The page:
LLE constructs a neighborhood-preserving mapping based on the above idea. In the final step of the algorithm, each high-dimensional observation X⃗ i is mapped to a low-dimensional vector Y⃗ irepresenting global internal coordinates on the manifold. This is done by choosing d-dimensional coordinatesY⃗ i to minimize the embedding cost functionEmbedded Image(2)This cost function, like the previous one, is based on locally linear reconstruction errors, but here we fix the weights W ij while optimizing the coordinatesY⃗ i. The embedding cost in Eq. 2 defines a quadratic form in the vectorsY⃗ i. Subject to constraints that make the problem well-posed, it can be minimized by solving a sparse N × N eigenvalue problem (9), whose bottom d nonzero eigenvectors provide an ordered set of orthogonal coordinates centered on the origin.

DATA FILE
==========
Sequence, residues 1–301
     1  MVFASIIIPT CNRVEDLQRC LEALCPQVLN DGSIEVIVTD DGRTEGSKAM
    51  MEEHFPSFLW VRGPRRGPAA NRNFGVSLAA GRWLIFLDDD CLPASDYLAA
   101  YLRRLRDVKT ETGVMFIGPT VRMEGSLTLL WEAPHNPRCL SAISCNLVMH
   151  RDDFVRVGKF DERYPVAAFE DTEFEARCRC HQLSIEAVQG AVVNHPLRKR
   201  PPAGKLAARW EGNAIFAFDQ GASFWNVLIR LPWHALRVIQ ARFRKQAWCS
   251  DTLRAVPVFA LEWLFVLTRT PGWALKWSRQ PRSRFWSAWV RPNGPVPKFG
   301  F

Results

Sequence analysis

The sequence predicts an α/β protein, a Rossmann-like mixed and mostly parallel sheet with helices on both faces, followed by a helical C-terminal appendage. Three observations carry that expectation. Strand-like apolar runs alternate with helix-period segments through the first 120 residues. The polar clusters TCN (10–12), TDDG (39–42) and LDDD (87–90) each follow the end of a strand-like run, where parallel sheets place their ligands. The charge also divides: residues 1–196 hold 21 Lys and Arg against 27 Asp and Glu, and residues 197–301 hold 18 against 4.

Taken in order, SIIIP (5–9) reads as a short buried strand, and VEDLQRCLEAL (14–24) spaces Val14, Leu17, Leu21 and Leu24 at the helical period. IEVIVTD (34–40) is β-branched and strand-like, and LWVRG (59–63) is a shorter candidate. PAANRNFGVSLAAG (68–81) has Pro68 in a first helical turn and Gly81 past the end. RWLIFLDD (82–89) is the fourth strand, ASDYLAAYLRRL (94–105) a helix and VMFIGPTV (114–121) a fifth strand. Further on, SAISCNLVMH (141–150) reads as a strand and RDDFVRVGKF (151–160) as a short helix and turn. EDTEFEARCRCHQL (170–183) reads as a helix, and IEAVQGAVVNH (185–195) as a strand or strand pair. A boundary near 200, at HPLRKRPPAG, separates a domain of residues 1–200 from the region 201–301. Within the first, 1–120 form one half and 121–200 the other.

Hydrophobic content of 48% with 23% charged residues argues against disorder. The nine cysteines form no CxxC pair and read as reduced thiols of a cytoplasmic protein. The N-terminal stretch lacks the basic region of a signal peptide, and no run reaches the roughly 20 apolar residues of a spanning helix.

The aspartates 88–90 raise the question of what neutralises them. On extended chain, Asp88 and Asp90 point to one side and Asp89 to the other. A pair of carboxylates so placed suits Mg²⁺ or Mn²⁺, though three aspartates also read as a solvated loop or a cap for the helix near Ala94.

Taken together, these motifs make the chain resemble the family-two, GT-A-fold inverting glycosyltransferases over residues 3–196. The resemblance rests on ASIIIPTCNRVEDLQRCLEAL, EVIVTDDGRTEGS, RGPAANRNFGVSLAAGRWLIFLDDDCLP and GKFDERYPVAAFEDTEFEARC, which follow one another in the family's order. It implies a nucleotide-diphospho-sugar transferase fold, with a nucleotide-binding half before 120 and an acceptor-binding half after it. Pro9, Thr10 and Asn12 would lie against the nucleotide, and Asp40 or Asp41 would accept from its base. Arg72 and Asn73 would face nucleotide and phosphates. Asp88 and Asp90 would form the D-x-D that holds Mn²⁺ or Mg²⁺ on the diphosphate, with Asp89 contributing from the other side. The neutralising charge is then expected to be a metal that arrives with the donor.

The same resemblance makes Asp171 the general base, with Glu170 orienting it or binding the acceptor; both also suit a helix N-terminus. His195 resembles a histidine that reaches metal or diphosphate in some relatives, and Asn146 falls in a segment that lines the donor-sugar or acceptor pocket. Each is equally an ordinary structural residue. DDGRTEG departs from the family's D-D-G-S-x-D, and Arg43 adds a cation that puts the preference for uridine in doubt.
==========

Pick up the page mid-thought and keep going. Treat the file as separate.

Implementation of the algorithm is straightforward. In our experiments, data points were reconstructed from their K nearest neighbors, as measured by Euclidean distance or normalized dot products. For such implementations of LLE, the algorithm has only one free parameter: the number of neighbors, K. Once neighbors are chosen, the optimal weights W ij and coordinates Y⃗ i are computed by standard methods in linear algebra. The algorithm involves a single pass through the three steps in Fig. 2 and finds global minima of the reconstruction and embedding costs in Eqs. 1 and 2.

In addition to the example in Fig. 1, for which the true manifold structure was known (10), we also applied LLE to images of faces (11) and vectors of word-document counts (12). Two-dimensional embeddings of faces and words are shown in Figs. 3 and4. Note how the coordinates of these embedding spaces are related to meaningful attributes, such as the pose and expression of human faces and the semantic associations of words.